You may either request for a token using your bank app or you fill a form in the bank. The extent with which these tokens protect your card transactions may also be determined by the services you allow it on. It may not be the same thing for every bank. Zenith bank, for example, will simply require you to activate software token from your bank mobile app while GTBank and First Bank may require you to fill a form.

Tokens come in the form of hardware, software or both depending on what your bank offers. So, you may also need to visit your bank’s customer care to know what works best for you as regards protecting your card. This is the best form of protection for your cards at the moment.


When you are making online payments, you should check whether the website you are visiting is secured. This means that the website must be encrypted, ensuring that the details you enter into it are not sent in plain texts. This means when you put in your card details, it is not saved in a way it can be read by the website owners, the webmasters, the admin, hackers or anyone who have access to the dashboards! They can use your card details to initiate further transactions. The website should have “S” after HTTP and that is not enough. You should also check if the green key that appears before “HTTPS” is locked, open or broken. If it is locked, it means it is secured! The image below shows what a secured website looks like.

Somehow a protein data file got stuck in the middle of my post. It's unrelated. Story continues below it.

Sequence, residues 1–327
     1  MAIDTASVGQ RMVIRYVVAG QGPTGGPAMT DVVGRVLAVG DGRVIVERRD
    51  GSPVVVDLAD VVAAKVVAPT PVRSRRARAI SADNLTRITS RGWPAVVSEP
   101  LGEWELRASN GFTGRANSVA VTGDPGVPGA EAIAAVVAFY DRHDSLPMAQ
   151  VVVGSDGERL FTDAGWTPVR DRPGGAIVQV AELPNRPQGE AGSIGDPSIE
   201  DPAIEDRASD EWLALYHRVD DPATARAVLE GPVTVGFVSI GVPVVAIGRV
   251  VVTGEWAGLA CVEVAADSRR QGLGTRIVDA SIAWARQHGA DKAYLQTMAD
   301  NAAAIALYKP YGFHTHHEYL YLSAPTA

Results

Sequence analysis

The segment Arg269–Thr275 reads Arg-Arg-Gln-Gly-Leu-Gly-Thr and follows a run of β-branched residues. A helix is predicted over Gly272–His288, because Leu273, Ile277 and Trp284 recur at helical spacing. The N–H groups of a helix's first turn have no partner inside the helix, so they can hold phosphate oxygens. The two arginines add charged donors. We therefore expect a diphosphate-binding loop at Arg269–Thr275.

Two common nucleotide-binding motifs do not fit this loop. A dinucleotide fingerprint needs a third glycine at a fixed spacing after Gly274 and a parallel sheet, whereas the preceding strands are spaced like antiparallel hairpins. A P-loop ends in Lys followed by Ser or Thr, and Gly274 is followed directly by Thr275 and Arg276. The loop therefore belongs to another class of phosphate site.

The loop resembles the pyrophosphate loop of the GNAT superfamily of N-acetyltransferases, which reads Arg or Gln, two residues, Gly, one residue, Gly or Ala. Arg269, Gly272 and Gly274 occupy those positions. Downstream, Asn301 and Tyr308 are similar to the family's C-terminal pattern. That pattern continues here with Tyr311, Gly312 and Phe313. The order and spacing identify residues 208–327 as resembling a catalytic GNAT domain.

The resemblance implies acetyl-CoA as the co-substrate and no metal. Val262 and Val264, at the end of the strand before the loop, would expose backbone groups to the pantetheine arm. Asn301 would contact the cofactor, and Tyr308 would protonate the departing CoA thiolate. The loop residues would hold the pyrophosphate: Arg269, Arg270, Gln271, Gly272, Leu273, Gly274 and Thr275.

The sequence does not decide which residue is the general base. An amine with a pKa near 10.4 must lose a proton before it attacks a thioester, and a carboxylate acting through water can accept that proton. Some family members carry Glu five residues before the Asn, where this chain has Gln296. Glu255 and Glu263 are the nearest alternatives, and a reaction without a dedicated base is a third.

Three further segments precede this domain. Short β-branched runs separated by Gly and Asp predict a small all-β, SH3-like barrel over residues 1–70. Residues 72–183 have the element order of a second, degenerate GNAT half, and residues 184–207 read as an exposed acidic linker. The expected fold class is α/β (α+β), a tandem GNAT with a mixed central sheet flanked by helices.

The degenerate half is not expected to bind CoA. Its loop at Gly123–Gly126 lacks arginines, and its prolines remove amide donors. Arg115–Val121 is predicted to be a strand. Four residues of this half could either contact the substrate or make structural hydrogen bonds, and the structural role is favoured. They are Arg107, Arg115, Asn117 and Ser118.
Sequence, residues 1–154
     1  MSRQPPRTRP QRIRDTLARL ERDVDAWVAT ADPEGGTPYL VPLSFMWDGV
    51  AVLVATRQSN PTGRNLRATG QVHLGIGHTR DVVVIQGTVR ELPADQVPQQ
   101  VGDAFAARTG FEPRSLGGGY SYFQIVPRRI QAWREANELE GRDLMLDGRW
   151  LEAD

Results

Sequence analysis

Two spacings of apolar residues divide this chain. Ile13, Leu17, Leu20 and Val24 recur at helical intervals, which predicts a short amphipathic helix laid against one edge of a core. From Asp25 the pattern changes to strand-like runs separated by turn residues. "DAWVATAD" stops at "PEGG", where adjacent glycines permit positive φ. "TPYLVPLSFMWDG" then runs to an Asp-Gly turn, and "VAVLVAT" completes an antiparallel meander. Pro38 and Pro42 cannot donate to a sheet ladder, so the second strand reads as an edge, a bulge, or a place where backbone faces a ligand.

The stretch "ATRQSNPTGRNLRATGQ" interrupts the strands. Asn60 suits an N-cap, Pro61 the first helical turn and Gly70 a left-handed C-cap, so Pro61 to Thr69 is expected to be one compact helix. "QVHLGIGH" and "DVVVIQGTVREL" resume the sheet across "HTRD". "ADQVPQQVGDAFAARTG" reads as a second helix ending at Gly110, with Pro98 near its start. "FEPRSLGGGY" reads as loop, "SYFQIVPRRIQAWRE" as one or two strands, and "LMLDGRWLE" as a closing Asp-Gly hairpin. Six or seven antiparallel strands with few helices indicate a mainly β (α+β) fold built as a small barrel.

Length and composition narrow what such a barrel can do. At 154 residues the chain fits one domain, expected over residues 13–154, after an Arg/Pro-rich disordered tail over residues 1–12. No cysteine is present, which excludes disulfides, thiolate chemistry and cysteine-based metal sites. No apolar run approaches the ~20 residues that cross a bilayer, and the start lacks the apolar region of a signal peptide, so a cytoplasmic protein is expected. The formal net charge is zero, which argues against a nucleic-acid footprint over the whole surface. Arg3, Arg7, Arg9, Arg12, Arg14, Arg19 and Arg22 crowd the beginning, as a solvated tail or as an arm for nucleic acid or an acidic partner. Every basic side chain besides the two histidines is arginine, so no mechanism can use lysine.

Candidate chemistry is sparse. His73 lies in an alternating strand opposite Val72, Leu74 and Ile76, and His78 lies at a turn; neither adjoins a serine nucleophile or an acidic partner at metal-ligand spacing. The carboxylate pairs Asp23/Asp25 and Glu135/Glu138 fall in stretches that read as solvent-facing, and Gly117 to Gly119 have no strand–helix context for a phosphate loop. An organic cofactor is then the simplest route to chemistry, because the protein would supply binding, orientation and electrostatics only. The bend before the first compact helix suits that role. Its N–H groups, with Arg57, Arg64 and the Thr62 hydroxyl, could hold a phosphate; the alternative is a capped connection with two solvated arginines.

The green colour means “safe” and the locked padlock means “data is transmitted securely”.